On a turf field at a Washington, D.C., elementary school not long ago, the Jaguars were playing the Thunderbolts in a big fifth-grade boys’ soccer game. The airborne ball struck a Jaguar head. It bounced to a Thunderbolt head. Then another Thunderbolt head. And then a Jaguar head and another Jaguar head and finally to the ground. With each successive header, the parents oohed and cheered—how cute! how cool!—their delight echoing off of the school’s brick walls.
The game was part of a daylong school soccer tournament, and I was watching with the all-girls rec team that I coach. I don’t allow my team to head the ball. Naturally, then, when the girls saw the Jags and T-bolts Ping-Ponging the ball around the field with their noggins, they turned to gauge my response. I smirked and shook my head. Then, with the timing of a seasoned stand-up comic, one of the girls announced, “No wonder they’re all so dumb!”
It was less a statement of fact, of course, than an exquisite preadolescent takedown of the opposite sex. But lurking, literally, beneath every header is a mystery: Can the routine act of heading a soccer ball cause traumatic brain injury? The answer to this question still isn’t entirely clear, but I believe we know enough to say this much: It makes no sense to allow young children to knock their heads repeatedly against a soccer ball.
This week, the New York Times reported some sobering and potentially troubling news for the sport: the first documented case of the degenerative brain disease chronic traumatic encephalopathy, or CTE. The victim was Patrick Grange, a 29-year-old former college and semipro player who died in 2012 of amyotrophic lateral sclerosis, also known as Lou Gehrig’s disease. “We can’t say for certain that heading the ball caused his condition in this case,” Boston University neuropathologist Ann McKee, who examined Grange’s brain, told reporter John Branch. “But it is noteworthy that he was a frequent header of the ball, and he did develop this disease. I’m not sure we can take it any further than that.”
McKee has found CTE—which can lead to memory loss, depression, dementia, and other diseases, including ALS, with which Grange was diagnosed at 27—in the brains of dozens of athletes. She said the sort of frontal-lobe damage in Grange’s brain had been seen in other deceased athletes in their 20s, but that all of them had played football. She also noted that the damage corresponded to the part of the head typically used to strike the ball—the upper part of the forehead. Grange, his parents told the Times, started heading a ball when he was 3 years old.
As a teenager in the 1970s, I watched Pele, when he played for the star-studded New York Cosmos, explain how to head a ball. First he pointed to his forehead. Then he placed the thumb and forefinger of each hand in front of each eye and opened them both wide. Then he dragged his thumb and index finger across his closed mouth. Moving his head and shoulders back in tandem to prepare to strike the ball, Pele demonstrated how the neck muscles needed to be tensed at the moment of impact.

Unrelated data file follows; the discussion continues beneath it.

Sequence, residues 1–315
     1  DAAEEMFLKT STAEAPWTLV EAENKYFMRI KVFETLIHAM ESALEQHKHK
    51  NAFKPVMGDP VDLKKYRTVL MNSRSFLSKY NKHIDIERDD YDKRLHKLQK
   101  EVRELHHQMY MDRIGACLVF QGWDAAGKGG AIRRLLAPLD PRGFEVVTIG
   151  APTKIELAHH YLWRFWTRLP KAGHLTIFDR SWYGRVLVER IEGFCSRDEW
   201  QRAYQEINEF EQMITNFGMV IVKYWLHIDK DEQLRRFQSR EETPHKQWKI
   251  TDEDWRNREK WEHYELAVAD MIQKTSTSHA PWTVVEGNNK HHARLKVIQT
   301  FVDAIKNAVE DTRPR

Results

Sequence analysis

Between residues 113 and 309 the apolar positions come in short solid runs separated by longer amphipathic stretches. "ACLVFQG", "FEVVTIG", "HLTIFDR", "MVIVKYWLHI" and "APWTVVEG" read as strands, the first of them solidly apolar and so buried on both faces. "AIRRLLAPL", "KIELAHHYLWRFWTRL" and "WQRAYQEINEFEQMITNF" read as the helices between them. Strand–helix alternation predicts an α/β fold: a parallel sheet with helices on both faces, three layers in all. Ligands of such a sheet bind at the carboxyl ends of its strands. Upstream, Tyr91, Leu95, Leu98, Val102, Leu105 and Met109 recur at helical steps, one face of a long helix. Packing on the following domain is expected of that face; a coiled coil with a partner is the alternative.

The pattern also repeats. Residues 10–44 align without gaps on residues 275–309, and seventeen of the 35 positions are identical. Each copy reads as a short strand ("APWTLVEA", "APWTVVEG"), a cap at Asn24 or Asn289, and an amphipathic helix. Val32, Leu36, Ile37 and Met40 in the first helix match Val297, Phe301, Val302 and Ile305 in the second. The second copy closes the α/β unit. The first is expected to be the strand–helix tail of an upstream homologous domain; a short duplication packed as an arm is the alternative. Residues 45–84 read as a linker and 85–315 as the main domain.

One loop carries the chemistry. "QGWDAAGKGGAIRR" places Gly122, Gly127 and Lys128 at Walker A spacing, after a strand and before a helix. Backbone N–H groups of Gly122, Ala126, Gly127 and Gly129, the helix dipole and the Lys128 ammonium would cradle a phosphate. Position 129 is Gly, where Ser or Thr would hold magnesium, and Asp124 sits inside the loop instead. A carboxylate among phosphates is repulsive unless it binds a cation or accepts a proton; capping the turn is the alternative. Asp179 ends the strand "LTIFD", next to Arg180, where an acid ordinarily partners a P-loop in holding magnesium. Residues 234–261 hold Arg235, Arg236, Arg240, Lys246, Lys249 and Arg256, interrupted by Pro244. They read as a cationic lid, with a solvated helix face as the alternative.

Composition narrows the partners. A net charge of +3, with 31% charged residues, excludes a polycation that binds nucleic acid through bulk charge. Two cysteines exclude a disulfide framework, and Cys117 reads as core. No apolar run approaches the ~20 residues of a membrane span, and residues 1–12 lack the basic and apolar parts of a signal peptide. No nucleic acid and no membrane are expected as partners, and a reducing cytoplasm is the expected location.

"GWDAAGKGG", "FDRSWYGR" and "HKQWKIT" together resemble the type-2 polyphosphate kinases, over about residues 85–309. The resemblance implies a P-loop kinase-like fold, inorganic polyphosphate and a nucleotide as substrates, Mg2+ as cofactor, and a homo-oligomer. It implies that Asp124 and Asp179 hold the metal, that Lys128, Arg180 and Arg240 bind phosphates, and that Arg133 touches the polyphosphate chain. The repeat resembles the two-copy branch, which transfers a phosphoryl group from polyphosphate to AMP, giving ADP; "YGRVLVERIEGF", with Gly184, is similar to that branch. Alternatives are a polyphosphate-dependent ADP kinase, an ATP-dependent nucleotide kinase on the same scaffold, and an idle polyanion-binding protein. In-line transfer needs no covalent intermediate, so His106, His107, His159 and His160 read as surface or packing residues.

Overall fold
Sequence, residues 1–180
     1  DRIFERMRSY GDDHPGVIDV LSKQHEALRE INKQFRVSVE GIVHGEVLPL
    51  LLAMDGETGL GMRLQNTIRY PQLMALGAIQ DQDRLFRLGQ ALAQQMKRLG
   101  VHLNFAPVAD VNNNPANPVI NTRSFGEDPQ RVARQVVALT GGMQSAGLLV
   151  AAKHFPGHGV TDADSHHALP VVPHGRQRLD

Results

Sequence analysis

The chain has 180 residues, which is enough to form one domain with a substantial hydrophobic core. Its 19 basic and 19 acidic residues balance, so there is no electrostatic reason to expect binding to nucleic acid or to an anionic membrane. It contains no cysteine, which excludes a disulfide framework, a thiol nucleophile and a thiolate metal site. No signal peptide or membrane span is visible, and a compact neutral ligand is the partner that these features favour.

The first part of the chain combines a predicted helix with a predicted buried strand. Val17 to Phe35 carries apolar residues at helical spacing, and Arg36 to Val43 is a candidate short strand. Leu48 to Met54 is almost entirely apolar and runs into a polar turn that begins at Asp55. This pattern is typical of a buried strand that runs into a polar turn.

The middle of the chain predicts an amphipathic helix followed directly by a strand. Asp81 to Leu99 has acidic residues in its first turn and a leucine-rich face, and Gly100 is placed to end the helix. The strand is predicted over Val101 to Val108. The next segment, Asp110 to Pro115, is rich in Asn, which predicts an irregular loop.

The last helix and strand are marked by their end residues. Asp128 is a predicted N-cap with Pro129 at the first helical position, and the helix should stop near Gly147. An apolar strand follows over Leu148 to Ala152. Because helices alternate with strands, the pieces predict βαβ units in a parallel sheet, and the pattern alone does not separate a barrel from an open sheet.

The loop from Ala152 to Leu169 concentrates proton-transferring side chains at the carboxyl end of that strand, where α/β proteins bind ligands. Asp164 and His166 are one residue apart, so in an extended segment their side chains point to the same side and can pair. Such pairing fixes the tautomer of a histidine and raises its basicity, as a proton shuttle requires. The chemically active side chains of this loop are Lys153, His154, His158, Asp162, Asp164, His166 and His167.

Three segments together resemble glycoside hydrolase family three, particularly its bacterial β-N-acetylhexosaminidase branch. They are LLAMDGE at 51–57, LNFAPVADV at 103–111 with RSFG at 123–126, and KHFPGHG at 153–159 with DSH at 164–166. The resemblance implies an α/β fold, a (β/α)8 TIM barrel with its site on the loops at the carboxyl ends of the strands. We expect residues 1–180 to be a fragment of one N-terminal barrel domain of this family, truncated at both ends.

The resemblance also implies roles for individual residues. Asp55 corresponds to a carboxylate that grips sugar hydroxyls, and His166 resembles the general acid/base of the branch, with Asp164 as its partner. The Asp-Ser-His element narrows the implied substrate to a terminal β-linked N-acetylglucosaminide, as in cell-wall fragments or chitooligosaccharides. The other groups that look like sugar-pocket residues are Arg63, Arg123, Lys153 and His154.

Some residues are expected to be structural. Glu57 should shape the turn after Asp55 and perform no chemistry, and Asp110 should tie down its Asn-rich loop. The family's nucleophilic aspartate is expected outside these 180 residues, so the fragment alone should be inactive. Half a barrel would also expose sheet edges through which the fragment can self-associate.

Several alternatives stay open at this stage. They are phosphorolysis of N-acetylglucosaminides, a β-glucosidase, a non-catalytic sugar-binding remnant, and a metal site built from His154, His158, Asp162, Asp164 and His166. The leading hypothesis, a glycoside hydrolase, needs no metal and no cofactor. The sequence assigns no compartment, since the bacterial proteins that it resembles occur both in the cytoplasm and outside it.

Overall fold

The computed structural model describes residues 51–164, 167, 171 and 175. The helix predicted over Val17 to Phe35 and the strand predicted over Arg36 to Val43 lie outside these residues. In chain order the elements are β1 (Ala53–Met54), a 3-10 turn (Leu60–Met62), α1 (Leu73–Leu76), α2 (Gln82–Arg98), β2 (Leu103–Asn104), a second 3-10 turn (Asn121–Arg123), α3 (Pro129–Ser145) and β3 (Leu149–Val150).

Failure to take Pele’s steps can result not only in a misdirected ball but in greater force imparted to the brain. That’s because a header is a collision that can cause the brain to shake inside the skull. “If you take a header off the back of your head or the side of your head and it whips your head around, there are much greater forces, 40 or 50 G’s, as opposed to a proper header where the G-force is under 20,” Dr. Robert Cantu, a colleague of McKee’s and the co-author, with Mark Hyman, of the 2012 book Concussions and Our Kids, told me recently.
Most prepubescent children aren’t capable of making the necessary preparations to head the ball; they’re just not strong enough or aware enough or coordinated enough. And if they do keep their eyes open and their mouths shut and strike the ball with their foreheads, their neck muscles, even if tensed, aren’t strong enough to prevent their heads from absorbing what often are elevated G-forces. Plus, Cantu says, the heads of children are bigger and wobblier in proportion to the rest of their bodies than those of adults. The wobblier the head, the more likely the brain will shake inside the skull upon impact. Just as 6-year-olds aren’t developmentally ready to pass the ball to a teammate, 10-year-olds aren’t ready to head the ball.
(And girls might be less ready than boys. Girls’ heads are typically smaller than those of boys, and their neck muscles tend to be weaker. A similar blow to the head, consequently, might concuss a girl but not a boy. In a 2005 study at Temple University, the head and neck of female subjects exhibited “significantly greater” angular acceleration and displacement in response to an external force compared to that of the male subjects. Translation: The female heads and necks moved more and faster, increasing the risk of brain trauma.)
It shouldn’t take much to persuade an impartial observer that heading in youth soccer is pointless. Watch a recreational or even an elite travel soccer game involving preadolescents. Heading, when it occurs, is usually a random act. Eyes shut. Head scrunched into neck. Shoulders clenched. The ball usually makes contact on the top or the rear of the skull. It isn’t directed to a specific place—to a teammate, toward the goal, out of bounds. It ricochets to points unknown, in direct opposition to a fundamental teaching tenet of the sport. Players would get better at soccer by learning to control the ball out of the air with other parts of their bodies.